On the Rebound
by Dan Malovany
Remember when consumers fell for a craze called Atkins that seduced a nation of unsuspecting dieters, by promising that the pounds would just melt off as they boned up on the protein and cut the carbs?
Yes, Americans could eat their porterhouse steaks or even two, but couldn’t touch even one slice of bread when on the weight-loss portion of the diet. If they did, everything would be ruined and they’d have to start all over again.
Doesn’t that seem silly in hindsight?
What a difference a year or so makes! Although Americans remain conscious of their carbs, whole grains have become the hot button during the last 12 months, and the media hype over grains has only intensified the trend.
First, in January, the baking industry received a slew of positive publicity after the U.S. departments of Agriculture and Health and Human Services revealed the 2005 Dietary Guidelines, which urged Americans to eat more grains.
| THE TOP 10 VENDORS |
(For 52 weeks ending Feb. 27, 2005)
|Rank ||Brand ||Dollar Volume (in millions) ||% Change ||Dollar Share ||Unit Sales (in millions) ||% Change |
|1||Interstate Brands Corp.||$784.6||-2.0%||13.8||386.8||-4.8%|
|2||George Weston, Inc.||$620.2||+6.3%||10.9||291.4||-4.1%|
|3||Sara Lee Bakery Group||$579.6||+0.2%||10.2||262.4||-3.5%|
|4||Bimbo Bakeries U.S.A.||$407.1||+3.1%||7.1||163.3||+0.2%|
|5||Quality Baker of Amer. Coop.||$103.9||-5.8%||1.8||65.3||-6.7%|
|5||Perfection Bakers, Inc.||$70.2||+1.4%||1.2||39.9||-0.6%|
|*including brands not shown|
Source: Information Resources Inc., Supermarkets only
Then in February, the Grain Foods Foundation launched its much-awaited promotion declaring that “Bread. It’s Essential.” The campaign generated more than 1,000 media reports, appearing on such networks as ABC, CBS, NBC, CNN and Fox news, and in local newspapers across America’s heartland. Unlike before, when most reports were neutral or negative, more than two-thirds of them were positive, stressing the role that grain-based foods can play in a healthy, balanced lifestyle.
With a heightened consciousness as a result of such media reports, it seems that consumers are taking another look at the bread aisle.
Indeed, the bread aisle has been evolving slowly but surely throughout the last 20 years, as bakers have added more variety breads to the shelf. However, during the last 10 months, the pace of change has been accelerating, with new variety breads and multigrain offerings hitting the shelf each month, and resulting in significant changes in the way bread is bought and sold, says Jay Gould, Pepperidge Farm’s president.
“We’re seeing the competitive dynamics move from price promotion to consumer-led innovation, and I see that as a good move for everyone in the value chain — for the consumers, the customers and, ultimately, the producers,” he explains. “It’s good for customers because they need to make more money in the bread aisle, and you don’t do that running a [buy-one-get-one] every week. If we move to a rational pricing environment, it gives us the opportunity to really invest against the consumer.”
Now, Anything Goes
Five years ago, the bulk of multigrain and variety breads were pretty similar — 7-Grain with Honey, Whole Wheat 9-Grain with Honey, Stone Ground Wheat, 100% Whole Wheat and Hearty 12-Grain, to name a few — but now, anything goes.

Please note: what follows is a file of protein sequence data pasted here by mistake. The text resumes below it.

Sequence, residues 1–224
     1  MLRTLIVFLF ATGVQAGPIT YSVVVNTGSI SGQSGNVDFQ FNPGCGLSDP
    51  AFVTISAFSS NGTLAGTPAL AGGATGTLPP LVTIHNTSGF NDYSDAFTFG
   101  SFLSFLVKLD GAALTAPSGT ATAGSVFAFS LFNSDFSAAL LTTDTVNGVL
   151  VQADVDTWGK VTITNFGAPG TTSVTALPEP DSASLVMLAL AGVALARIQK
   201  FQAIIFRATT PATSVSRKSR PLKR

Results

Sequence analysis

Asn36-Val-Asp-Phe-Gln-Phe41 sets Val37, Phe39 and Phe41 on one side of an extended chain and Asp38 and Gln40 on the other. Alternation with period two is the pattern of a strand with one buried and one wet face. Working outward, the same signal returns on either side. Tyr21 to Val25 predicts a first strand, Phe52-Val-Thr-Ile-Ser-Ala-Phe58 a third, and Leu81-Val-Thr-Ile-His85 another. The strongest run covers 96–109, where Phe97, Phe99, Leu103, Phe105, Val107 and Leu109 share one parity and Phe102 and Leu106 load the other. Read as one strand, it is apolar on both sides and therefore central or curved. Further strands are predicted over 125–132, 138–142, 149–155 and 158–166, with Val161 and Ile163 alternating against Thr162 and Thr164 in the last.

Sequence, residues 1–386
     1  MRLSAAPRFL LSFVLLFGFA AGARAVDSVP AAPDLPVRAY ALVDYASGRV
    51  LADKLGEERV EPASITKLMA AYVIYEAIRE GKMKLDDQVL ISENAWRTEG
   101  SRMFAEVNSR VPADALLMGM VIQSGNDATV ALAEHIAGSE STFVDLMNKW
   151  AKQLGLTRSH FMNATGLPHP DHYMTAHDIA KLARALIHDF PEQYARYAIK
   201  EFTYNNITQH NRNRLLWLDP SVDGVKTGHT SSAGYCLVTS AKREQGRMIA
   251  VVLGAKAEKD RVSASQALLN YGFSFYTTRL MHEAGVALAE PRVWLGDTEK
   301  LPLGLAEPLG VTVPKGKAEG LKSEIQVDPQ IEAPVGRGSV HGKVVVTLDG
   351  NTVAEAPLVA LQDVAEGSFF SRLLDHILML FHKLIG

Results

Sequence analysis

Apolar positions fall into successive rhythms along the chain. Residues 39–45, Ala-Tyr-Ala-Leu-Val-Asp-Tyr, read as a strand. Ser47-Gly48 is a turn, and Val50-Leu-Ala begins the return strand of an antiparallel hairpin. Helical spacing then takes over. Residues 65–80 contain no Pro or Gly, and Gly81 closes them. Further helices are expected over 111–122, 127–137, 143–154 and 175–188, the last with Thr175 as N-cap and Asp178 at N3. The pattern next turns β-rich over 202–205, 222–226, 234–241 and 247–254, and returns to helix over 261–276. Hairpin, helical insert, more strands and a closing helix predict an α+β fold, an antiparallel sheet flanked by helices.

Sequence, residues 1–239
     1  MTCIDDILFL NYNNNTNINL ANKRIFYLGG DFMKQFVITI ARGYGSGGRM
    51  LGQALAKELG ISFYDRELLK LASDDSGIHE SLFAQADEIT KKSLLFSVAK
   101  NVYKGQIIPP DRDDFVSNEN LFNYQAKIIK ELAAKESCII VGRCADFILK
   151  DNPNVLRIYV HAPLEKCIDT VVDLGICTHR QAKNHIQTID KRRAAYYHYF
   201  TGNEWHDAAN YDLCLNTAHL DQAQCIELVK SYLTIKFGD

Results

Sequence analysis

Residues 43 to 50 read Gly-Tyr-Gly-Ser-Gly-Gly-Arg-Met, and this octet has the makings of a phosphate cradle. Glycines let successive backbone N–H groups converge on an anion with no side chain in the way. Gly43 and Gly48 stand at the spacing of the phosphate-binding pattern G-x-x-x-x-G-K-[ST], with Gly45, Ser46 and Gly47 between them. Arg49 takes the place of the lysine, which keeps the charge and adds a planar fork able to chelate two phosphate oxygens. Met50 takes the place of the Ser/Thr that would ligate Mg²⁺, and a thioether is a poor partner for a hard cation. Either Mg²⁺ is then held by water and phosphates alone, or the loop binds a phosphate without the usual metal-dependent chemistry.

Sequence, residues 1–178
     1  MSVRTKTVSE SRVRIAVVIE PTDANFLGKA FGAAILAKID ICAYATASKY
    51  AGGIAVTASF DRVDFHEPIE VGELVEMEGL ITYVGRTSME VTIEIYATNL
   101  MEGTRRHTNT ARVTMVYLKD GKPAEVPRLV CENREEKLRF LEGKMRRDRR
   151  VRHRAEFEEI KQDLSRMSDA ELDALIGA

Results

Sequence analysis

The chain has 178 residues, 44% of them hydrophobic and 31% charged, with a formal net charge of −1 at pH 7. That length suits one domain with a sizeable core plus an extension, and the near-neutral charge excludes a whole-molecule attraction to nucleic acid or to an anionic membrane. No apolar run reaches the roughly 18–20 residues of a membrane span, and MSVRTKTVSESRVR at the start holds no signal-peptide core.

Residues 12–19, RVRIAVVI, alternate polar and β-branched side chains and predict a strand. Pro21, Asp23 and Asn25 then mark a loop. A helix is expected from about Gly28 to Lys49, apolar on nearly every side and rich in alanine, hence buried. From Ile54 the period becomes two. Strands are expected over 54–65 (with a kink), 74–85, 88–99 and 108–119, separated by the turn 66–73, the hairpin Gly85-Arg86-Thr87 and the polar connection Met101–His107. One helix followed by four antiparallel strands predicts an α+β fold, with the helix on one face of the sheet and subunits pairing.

Today, sliced variety breads contain bulgur, flaxseed, almonds, walnuts, soybean, sunflower seeds, barley, buckwheat, millet and corn grits, among other ingredients. Bakers are adding Omega-3 oils, calcium, Vitamin D, folic acid, triticale, fiber, extra fiber and even more extra fiber. They’re even using canola oils and olive oil instead of hydrogenated oils.
In some cases, varieties are simply “out of the box.” Take a Chipotle Bread to be released later this spring by Flowers Foods Bakery Group, for example. It’s one of four, out-of-the-ordinary varieties of whole-grain, sliced sandwich breads under the Cobblestone Mill brand.
“It has a little bite to it. It doesn’t set you on fire, but it definitely has a chipotle pepper bite to it,” explains Janice Anderson, vice president of marketing for Flowers.
Other varieties include Sourdough Dill, Wheat ’n Flax, which contains Omega-3 fatty acids, and Savory Mediterranean, which is made with olive oil and herbs.
“Because we know there are going to be a lot of whole-grain offerings in the market — and very good offerings, by the way — we were looking for something that’s outside of the pack and was truly unique and different, and we think we’re there,” Anderson says.
In April, the Thomasville, Ga.-based bakery rolled out cranberry raisin, maple French toast and cinnamon-flavored breakfast breads under its flagship Nature’s Own brand.
The new Nature’s Own Special Mornings breakfast breads are distinctively different from what had been in the bread aisle, in that they’re one of the first whole-grain offerings in this segment. At the same time, they don’t have the dense, muffin-like texture of many conventional breakfast breads. They can be toasted in the morning or eaten right out of the bag as a snack anytime.
“Our Nature’s Own bread has always been positioned as a soft variety bread, and softness makes these breads different from typical breakfast breads that have a tighter grain and a more compact loaf,” Anderson notes. “These are standard, 20-oz. loaves of bread, but they are soft like the rest of the Nature’s Own variety line.”
Today, Nature’s Own is a $400 million brand at retail, making it the No. 1-selling soft variety bread in the nation, while Cobblestone Mill is approaching the $100 million mark.
Multiples of Multigrain